Thursday, October 20, 2016


When historians write about the 2016 campaign, they will likely look back on this third debate as the moment Donald Trump hopefully committed political suicide on national TV. His answer to one of the easiest and simplest questions ever posed by a moderator wasn’t just beyond the pale, as one Republican called it; it was unprecedented in American politics.

Donald Trump stood before the American people Wednesday night and not only reiterated that the election is rigged against him, he said he might not accept the results if it doesn’t go his way. His exact words were: “I’ll keep you in suspense. Okay?”

No, it’s not okay. It’s not okay for a grown man to behave like a four-year old who needs a time out, gin up centuries of racial bigotry for political gain, encourage violent outbursts at his rallies, scapegoat others for his own depraved conduct and, above all, cast into doubt a pillar of this Republic regarding the peaceful transition of power that its leaders have accepted for 240 years. And it’s certainly NOT okay to draw a false equivalence to the 2000 presidential election to justify such an absurdly offensive answer. That election came down to a Florida recount and a Supreme Court decision that many have questioned but that Al Gore ultimately accepted for the good of the country. To suggest that the two are similar is to add insult to a profound injury.

The truth is that there is only one presidential candidate who, from the moment he entered the race, has complained about the process being rigged against him. Throughout the Republican primaries, he railed against a rigged process whenever he lost a primary or caucus, but then praised it when he won; he has ridiculed the media for holding him accountable for his outrageous accusations, while at the same time conveniently forgetting he has received over a billion dollars of free advertising from that same media; he has attacked his opponents in the most juvenile of ways, belittled leaders in his own party - leaders he would need in the event he actually won the presidency - and managed to offend virtually every voter demographic in the country with the exception of white males.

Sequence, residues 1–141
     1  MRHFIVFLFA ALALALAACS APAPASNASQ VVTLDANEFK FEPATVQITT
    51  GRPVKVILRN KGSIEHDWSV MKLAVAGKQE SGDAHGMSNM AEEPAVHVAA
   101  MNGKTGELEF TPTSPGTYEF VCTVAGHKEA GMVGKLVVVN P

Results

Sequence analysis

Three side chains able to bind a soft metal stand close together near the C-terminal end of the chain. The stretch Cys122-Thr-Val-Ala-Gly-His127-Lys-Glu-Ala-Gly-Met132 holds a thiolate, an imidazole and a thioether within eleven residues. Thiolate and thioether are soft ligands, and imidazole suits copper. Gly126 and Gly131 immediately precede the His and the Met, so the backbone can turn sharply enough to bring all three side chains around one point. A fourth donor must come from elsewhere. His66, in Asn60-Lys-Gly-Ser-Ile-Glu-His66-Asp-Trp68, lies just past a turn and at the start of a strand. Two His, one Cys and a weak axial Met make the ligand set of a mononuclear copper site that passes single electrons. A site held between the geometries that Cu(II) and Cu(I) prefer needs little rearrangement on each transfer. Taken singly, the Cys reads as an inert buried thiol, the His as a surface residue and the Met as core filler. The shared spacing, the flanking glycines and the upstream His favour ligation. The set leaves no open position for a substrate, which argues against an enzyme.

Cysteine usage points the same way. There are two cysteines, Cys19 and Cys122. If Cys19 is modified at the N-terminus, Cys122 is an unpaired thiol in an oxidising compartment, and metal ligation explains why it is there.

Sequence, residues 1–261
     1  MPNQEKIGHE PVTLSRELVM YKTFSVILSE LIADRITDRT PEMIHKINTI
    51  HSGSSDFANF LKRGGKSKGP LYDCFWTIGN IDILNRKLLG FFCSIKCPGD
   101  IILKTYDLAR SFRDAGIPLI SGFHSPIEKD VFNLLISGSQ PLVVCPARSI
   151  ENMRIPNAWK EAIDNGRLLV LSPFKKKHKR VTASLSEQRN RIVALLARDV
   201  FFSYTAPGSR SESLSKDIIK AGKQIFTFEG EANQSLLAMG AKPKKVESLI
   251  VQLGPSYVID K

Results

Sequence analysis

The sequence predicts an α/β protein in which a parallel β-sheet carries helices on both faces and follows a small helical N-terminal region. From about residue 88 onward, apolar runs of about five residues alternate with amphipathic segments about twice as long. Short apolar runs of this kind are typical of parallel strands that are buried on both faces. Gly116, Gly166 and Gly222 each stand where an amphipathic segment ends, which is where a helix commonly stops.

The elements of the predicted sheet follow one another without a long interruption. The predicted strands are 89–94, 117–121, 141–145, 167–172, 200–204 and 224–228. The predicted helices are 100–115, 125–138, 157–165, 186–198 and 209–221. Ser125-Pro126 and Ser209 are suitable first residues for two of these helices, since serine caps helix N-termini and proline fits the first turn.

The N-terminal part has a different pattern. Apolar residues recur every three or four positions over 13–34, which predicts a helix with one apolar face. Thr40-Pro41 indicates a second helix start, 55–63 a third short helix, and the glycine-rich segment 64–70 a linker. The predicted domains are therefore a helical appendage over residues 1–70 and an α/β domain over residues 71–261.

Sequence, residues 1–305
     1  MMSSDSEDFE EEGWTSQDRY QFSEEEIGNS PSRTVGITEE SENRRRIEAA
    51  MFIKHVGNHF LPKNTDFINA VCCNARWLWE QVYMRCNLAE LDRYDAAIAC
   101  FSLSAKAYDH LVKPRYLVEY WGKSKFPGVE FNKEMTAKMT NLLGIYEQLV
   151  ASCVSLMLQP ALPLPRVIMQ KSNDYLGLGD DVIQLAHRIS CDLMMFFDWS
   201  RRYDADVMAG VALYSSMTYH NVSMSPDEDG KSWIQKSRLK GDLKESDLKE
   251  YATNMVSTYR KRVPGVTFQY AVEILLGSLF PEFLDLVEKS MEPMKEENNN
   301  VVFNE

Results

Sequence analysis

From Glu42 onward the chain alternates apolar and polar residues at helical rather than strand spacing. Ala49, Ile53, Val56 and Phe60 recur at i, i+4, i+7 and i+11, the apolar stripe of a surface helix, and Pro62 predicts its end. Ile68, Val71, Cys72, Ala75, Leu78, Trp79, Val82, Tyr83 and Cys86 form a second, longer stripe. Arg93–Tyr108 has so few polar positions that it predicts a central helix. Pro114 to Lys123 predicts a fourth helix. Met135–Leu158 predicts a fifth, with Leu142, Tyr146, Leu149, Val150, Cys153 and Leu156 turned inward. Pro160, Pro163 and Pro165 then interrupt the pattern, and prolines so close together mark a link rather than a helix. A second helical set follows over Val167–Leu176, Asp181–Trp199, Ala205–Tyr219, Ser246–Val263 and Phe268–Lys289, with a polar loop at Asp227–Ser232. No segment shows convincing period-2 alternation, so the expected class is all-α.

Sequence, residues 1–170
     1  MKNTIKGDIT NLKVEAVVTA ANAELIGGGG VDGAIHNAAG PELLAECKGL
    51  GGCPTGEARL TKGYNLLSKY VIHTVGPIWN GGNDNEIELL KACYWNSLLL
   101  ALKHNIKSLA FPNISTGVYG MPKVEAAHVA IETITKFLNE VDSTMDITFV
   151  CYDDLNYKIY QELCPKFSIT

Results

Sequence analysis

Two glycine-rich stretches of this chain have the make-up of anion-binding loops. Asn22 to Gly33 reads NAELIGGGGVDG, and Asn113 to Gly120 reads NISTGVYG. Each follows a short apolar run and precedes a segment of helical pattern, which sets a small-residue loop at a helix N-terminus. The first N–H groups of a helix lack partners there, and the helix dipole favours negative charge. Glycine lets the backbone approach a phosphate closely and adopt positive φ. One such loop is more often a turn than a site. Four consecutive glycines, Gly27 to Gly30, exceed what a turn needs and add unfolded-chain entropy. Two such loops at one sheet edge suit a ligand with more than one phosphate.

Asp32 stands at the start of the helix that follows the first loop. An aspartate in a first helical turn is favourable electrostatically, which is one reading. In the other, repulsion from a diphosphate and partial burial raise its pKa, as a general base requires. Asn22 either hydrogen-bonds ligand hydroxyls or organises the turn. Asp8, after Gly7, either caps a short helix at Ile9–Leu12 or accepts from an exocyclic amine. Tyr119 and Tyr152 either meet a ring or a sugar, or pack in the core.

He has made a mockery of the political system of this country, threatened its alliances throughout the world and so deeply divided the electorate, it will take years to repair the damage. Even now, a majority of his supporters, following in his footsteps, have vowed not to accept the results of the election if he loses. Some have thrown around words like revolution to describe what they'd do in that scenario. Such a prospect should frighten all of us.

Michael Tomasky's piece on Trump's "concession" speech, at first read seems humorous. And if this were simply the case of an ignoramus ascending to the top of his party's food chain, I might've chuckled along. But this isn't some Sarah Palin or George W. Bush spoof on Saturday Night Live we're talking about here. This man is the greatest threat this nation has ever faced, and now is not the time for lighthearted - you'll pardon the pun - banter. This is the time for responsible men and women, regardless of party of political predilection, to rise up and collectively reject his hateful and destructive rhetoric.

I cannot think of a time when the resolve of this country was so thoroughly tested and strained by the antics of a compulsive lying, race-bating, xenophobic, sexist, thin-skinned, narcissistic sociopath. How he won the GOP nomination is a question Republican leaders will have to grapple with in ernest if they ever wish to be taken seriously again as a national party. How the general electorate grapples with him November 8 may well determine the very future of the Republic itself.

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